This post contains references to products from one or more of our advertisers. We may receive compensation when you click on links to those products. For an explanation of our Advertising Policy, visit this page.
American Airlines issued a stealthy announcement (just a line of text on this web page, really) that as of February 18, 2014, it would be ending its policy of offering bereavement fares to passengers who must book last-minute tickets as a result of the death of a relative. While this move seemed to come out of nowhere, it’s actually a step to align the ticketing policies of American and its merger partner US Airways, which dropped bereavement fares back in 2006.
While this might seem drastic, the fact of the matter is, bereavement fares aren’t actually such a good deal for the most part. Though airlines are not always open about how their bereavement policies work, often times it seems they have set prices for a specific route that are sometimes higher and sometimes lower than ticket fares you’d find otherwise – as this ABC 15 article from over the summer priced out – though many bereavement policies do waive change fees and fare differences if you need to change your ticket.
Instead, the airline suggests buying changeable or refundable tickets that, while higher in price than non-refundable discounted tickets, can be changed without incurring the $200 change fee, though obviously passengers have to pay fare differences. One good option is American’s Choice Fares where you can bundle in extras like waiving change fees (and a checked bag and priority boarding) for as little as $34 each way; and waived same-day confirmed flight changes – normally $75 – plus bonus miles and premium beverages for as little as $44 each way.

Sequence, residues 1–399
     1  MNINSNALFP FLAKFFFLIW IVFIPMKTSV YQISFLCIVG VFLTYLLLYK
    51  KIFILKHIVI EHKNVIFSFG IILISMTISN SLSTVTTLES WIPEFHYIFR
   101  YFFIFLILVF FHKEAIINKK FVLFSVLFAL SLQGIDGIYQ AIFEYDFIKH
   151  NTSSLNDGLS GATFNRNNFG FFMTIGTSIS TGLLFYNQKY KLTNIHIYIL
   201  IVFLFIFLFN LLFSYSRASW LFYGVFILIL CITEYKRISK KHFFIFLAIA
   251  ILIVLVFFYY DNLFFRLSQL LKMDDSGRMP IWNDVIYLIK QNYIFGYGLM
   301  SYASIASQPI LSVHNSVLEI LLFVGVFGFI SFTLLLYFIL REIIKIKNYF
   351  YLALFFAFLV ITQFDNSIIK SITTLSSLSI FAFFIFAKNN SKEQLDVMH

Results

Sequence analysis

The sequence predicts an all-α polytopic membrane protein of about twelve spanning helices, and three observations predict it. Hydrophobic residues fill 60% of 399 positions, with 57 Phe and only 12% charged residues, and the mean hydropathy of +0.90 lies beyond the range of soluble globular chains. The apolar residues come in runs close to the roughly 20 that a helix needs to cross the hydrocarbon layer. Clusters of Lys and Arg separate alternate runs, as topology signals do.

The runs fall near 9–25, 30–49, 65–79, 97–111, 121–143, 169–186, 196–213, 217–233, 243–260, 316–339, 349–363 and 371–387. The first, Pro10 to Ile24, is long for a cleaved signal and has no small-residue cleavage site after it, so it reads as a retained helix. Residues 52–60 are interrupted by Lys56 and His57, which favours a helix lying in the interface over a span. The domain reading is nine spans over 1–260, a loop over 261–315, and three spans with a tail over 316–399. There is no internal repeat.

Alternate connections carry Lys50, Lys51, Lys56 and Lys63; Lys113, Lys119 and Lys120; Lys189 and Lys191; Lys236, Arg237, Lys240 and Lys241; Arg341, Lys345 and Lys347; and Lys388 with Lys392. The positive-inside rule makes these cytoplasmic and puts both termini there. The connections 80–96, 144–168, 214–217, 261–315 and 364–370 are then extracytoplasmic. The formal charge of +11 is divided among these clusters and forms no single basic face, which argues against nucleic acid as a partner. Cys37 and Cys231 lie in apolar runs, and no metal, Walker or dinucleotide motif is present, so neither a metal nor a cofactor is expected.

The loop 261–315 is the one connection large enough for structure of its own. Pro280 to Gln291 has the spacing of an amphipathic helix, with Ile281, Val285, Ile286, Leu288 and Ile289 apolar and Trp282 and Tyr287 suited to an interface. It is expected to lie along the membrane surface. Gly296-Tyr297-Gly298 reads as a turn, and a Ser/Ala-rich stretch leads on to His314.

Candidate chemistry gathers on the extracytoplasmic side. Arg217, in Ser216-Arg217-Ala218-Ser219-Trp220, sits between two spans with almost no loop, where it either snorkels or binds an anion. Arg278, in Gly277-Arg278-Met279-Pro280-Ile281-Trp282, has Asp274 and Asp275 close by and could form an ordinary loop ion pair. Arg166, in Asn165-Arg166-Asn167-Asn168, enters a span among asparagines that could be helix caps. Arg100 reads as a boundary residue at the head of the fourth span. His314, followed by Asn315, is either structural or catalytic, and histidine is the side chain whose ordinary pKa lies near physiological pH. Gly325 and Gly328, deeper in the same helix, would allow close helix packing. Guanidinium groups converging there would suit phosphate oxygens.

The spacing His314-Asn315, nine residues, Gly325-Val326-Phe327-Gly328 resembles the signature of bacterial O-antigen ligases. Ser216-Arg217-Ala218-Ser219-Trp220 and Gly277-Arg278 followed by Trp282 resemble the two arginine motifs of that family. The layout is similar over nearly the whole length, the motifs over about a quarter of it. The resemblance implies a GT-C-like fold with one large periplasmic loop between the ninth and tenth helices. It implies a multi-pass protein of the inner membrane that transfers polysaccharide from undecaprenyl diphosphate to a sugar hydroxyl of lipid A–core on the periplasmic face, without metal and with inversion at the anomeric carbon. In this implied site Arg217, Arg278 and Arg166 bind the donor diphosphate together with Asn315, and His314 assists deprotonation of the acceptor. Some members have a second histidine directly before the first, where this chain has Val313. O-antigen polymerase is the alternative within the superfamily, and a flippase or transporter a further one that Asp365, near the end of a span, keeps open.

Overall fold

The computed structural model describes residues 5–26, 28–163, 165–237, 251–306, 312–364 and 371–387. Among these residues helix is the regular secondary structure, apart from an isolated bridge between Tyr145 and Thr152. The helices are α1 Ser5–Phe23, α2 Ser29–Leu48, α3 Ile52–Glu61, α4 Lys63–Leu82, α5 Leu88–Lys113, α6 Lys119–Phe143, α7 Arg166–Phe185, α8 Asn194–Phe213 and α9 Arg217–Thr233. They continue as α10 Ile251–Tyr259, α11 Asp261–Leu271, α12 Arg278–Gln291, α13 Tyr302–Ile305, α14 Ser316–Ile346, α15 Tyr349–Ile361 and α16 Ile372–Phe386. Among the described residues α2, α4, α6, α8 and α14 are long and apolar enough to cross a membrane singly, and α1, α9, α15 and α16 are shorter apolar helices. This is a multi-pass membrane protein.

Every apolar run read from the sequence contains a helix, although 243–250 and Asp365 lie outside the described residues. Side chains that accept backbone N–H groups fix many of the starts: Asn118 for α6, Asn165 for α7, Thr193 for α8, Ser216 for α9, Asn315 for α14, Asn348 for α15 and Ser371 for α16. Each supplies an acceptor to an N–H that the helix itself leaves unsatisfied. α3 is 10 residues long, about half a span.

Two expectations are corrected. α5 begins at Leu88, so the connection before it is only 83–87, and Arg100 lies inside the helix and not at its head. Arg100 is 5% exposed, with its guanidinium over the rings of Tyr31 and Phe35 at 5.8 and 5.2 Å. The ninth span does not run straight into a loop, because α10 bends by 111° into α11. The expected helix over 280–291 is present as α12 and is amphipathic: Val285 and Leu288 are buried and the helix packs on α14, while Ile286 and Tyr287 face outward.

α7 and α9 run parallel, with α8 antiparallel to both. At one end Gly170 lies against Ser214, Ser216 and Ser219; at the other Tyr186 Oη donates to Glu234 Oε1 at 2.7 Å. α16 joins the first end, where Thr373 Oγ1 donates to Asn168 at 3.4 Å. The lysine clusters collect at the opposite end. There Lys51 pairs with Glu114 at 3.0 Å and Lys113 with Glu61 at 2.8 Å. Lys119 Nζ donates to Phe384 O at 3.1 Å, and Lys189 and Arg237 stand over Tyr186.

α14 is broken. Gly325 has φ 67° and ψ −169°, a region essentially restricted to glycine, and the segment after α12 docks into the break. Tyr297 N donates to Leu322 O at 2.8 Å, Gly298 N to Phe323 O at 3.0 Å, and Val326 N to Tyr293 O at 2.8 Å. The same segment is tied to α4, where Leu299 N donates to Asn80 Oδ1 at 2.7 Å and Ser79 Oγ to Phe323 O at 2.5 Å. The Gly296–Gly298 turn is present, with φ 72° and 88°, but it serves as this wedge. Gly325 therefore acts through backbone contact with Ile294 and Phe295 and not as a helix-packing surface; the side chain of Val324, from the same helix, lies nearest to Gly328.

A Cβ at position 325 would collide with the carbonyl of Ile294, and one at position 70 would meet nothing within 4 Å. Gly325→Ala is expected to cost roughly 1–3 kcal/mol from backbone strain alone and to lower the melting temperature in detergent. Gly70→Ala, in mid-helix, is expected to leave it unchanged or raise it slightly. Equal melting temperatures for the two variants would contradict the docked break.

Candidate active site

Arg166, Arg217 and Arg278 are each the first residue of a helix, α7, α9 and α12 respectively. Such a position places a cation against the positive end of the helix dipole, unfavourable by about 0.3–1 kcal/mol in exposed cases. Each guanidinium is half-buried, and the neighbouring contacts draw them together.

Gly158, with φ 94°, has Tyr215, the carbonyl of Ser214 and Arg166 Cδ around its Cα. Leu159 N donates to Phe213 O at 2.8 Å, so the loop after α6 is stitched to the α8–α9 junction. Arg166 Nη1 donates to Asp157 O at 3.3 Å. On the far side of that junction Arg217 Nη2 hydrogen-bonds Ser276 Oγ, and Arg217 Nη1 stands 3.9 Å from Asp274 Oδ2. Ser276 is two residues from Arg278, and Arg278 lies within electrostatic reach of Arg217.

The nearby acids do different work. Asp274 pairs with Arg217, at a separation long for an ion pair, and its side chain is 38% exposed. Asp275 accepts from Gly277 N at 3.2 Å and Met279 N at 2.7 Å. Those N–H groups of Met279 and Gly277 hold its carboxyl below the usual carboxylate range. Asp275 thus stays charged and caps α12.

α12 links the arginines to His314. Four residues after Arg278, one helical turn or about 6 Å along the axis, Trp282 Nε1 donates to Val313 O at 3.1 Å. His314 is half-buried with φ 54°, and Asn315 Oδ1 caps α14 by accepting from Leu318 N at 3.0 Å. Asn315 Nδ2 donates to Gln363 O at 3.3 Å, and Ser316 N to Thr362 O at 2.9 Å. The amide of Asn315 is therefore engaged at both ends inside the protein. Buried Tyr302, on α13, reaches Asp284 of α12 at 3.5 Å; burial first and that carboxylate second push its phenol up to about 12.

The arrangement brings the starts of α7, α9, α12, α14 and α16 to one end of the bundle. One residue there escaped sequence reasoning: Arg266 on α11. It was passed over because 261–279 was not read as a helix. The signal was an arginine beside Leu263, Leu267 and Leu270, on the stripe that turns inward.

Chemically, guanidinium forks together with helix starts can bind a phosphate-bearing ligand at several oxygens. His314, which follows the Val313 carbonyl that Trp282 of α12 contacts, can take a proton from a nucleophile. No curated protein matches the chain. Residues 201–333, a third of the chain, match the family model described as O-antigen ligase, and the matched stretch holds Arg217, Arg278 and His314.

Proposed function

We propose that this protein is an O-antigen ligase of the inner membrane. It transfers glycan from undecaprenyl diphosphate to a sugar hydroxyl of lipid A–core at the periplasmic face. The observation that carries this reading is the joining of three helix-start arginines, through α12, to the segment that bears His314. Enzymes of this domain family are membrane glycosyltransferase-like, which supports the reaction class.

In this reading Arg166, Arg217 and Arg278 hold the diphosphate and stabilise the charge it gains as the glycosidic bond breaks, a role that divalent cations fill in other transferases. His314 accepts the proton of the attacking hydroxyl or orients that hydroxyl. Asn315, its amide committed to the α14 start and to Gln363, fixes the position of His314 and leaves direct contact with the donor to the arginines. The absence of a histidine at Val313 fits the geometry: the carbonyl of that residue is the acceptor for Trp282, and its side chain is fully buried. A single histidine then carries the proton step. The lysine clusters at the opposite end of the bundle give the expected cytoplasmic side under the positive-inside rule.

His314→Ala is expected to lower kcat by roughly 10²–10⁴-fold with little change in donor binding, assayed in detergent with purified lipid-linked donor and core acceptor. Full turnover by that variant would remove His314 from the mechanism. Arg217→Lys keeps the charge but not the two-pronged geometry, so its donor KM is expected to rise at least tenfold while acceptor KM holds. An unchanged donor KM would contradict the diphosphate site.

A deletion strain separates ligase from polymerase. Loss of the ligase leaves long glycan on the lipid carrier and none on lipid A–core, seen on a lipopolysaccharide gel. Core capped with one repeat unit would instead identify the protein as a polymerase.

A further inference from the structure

While this is certainly not a positive move, I wouldn’t call this terrible news either. Many consumer advocates have noted in the past that bereavement fares tend not to be the best deals anyway and that flyers can often find lower-priced fares themselves just by shopping online – and they can book those without having to provide proof of a family member’s death.
This does, however, just go to show why airline miles are still a good insurance policy in the case of an emergency. Airfare tends to skyrocket on last-minute fares, adding a layer of financial stress to an already emotionally fraught time. On the other hand, airlines also tend to open up unsold seats into the saver award inventory, so a lot of times it becomes easier to book an award flight at low mileage levels at the last minute even though ticket prices are astronomical – making those miles even more valuable.
This is also why I am always talking about how transferable points like Amex Membership Rewards, Chase Ultimate Rewards and Starwood Preferred Guest are the most valuable because they allow you to top up various frequent flyer and hotel accounts on a moment’s notice (in most cases) and use the miles from the best program for your needs at that time.
Not only that, but if you do end up changing your award ticket, often the fees are $150, and many airlines also have last-minute award booking fees in the $75 range, which can end up costing you – though still much less than revenue ticket change fees, and many airlines also waive award ticketing fees for elites. However, it’s still something to consider, and keep in mind that Delta doesn’t charge close-in booking fees, and one of the reasons I find British Airways Avios so valuable is that BA doesn’t charge last-minute fees on award tickets either. Here’s a quick rundown of the fees by airline:
Air Canada: $0
American: $75 for tickets booked within 21 days of departure: waived for all AA elites
British Airways: $0 (BA is partners with American, so it may make sense to use Avios for last minute AA awards – especially for short and mid-haul flights which may require less miles).
United: $75 for non-elites, $50 for Silver, $25 for Gold, $0 for 1k, Global Services, Platinum
US Airways: $75, waived for Gold, Platinum and Chairman’s Preferred members.
Virgin America: $0
For more information, check out these posts:
-Saving Money by Using Miles in an Emergency
-Using Points and Miles For Last-Minute Travel and Emergencies
-The Best Travel Insurance Policy: Miles and Elite Status
-Why Transferable Points Are Best
-The Ultimate Guide To Starwood Preferred Guest Airline Transfer Partners
-The Ultimate Guide To American Express Membership Rewards Transfer Partners
-The Ultimate Guide to Ultimate Rewards Transfer Partners